A Letter to Huston Smith
June 19, 2008 15:47

A Letter to Huston Smith
from One Taste
Tuesday, February 4

I’m worried about Huston’s health [Huston Smith].  I sometimes feel that he will live another decade or two, then I worry he won’t live out the year.  Ever since Treya’s death, I have tried to tell people how I feel about them before they are gone, before it’s too late.  Treya and I had the chance to do that, but I saw what it did to those who did not.

The amazing thing about Huston is that he was working on the perennial philosophy long before most people had even heard of it.  Years before it became fashionable—multicultural wisdom traditions, the world’s religious heritage, the celebration of spiritual diversity and spiritual unity—Huston was doing the work.

His body is almost transparent now, like a thin, beautiful, translucent tissue.  The last time I saw him he was very frail and fragile, but radiant.  I have the deep suspicion that if you turn off the lights, he might faintly glow.


Dearest Huston,

It was wonderful seeing you.  But when you said, when asked about your health, “The citadel is crumbling,” it had a profound effect on me, which has lingered to this day.  I wanted to write and tell you about it.

The more that Emptiness saturates my being, the more my life takes on a strange “double-entry” type of awareness.  On the one hand, everything that happens—every single thing, from the very best to the very worst—is the equal radiance of the Divine.  I simply cannot tell the difference between them.  It is a mystery, this: that pain and happiness are equal in this awareness, that the most wretched soul and the most divine are equal in this radiance, that the setting sun and the rising sun bring equal joy, that nothing moves at all, in this splendor of the All-pervading.  And when, in touch with that all-pervasiveness, I hear that the citadel of dearest Huston is crumbling, it is simply as it is, just so, and all is still right, and all is still well, and all is still good, and all still radiates the unending glory that we all are.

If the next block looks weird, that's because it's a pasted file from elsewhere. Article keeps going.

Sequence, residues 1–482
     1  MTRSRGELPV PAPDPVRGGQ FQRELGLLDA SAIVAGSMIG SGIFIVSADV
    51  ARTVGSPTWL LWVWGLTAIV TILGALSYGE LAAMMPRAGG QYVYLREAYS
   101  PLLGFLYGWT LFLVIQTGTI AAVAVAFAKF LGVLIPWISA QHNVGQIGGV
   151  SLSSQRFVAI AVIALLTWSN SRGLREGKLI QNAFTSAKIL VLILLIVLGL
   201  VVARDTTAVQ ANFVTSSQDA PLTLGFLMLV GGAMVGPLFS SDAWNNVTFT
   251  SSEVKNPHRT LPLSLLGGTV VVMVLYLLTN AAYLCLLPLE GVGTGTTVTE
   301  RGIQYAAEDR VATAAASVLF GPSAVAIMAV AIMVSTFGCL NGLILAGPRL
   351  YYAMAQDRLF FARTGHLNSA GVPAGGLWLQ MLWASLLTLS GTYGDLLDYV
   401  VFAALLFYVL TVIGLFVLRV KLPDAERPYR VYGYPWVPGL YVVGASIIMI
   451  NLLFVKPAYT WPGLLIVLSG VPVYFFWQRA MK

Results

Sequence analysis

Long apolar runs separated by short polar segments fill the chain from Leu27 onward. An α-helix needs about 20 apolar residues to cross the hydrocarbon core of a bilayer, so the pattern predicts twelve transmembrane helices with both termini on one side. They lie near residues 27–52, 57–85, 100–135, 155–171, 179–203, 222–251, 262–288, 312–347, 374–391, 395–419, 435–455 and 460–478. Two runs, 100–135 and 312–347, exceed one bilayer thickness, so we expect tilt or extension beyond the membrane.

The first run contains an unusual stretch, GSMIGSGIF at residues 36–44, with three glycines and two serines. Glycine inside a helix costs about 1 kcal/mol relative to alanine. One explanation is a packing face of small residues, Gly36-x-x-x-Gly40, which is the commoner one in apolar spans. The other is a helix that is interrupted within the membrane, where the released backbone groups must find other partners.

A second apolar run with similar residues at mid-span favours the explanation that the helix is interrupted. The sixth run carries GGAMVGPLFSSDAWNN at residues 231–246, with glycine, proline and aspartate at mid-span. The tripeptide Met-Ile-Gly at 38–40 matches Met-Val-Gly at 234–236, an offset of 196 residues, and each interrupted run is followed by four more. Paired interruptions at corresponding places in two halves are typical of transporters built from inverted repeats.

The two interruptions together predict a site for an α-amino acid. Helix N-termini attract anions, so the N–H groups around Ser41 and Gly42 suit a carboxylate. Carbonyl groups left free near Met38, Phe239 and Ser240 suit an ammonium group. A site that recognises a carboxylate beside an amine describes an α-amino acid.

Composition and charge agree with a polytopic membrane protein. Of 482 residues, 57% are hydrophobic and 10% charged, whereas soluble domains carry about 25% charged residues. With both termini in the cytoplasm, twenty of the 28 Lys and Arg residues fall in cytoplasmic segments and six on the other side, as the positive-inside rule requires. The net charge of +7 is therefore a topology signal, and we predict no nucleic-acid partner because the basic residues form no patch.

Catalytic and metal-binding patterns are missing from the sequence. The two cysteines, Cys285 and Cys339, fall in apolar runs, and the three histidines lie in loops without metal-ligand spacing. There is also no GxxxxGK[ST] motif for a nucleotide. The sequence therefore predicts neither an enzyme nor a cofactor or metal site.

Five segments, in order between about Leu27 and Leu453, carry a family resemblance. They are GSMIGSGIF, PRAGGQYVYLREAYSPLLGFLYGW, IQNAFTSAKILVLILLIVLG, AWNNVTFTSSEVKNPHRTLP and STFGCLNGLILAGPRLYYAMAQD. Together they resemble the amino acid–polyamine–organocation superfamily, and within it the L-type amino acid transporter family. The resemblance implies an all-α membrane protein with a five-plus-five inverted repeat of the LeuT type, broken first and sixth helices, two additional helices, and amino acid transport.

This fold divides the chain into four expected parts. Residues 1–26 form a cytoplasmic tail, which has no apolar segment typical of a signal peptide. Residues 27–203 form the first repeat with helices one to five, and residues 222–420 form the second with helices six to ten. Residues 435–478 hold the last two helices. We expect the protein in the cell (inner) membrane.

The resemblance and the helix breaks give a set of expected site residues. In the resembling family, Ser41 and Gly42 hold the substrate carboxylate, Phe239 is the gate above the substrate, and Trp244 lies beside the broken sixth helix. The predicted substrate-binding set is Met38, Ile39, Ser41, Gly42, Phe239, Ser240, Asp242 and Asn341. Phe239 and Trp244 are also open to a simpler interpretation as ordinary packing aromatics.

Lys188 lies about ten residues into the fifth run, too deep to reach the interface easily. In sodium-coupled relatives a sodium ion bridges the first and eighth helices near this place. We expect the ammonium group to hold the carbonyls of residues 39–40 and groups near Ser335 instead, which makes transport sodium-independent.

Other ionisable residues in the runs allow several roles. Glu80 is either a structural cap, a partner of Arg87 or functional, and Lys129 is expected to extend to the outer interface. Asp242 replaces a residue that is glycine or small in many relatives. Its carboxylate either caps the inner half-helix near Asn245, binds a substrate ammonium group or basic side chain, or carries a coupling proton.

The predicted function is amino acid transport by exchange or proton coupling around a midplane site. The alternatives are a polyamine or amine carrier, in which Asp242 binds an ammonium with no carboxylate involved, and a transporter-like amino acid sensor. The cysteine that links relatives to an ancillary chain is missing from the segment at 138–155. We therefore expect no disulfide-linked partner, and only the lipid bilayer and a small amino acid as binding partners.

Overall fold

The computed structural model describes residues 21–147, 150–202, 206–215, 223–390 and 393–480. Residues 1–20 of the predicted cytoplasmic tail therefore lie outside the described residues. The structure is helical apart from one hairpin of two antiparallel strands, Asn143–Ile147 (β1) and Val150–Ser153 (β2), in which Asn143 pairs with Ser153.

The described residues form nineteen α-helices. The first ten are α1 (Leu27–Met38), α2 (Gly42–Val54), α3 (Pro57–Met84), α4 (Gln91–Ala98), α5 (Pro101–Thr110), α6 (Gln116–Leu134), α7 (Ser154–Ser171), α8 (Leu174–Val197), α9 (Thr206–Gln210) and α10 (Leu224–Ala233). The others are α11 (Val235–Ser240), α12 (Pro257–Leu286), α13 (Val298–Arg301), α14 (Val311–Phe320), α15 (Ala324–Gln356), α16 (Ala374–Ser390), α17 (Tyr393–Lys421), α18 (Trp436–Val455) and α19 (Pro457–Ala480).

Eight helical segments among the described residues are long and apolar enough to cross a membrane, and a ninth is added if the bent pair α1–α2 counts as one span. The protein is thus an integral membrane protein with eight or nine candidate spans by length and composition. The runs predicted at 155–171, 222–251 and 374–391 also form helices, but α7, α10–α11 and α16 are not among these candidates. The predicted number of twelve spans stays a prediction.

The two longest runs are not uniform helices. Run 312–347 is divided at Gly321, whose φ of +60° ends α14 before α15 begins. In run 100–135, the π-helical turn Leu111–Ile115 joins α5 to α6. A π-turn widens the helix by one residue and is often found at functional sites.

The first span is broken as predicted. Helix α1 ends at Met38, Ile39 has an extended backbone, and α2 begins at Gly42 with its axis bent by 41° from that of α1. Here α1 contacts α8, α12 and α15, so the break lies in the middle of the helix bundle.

The other side of this Emptiness—the other part of the “double-entry”—is that, in addition to (or alongside of) the constant radiance of this moment, all the little moments are all the more themselves, somehow.  Sadness is even sadder; happiness is happier; pleasure is more intense; pain hurts even more.  I laugh louder and cry harder.  Precisely because it is all the purest Emptiness, each relative phenomenon is allowed to be itself even more intensely, because it no longer contends with the Divine, but simply expresses it.

And on that side of the double-entry—where pain is more painful (because it is Empty), and where sadness is much sadder (because it is Empty)—when I hear that the citadel of dearest Huston is crumbling, I am overcome with a sadness that I do not know how to convey.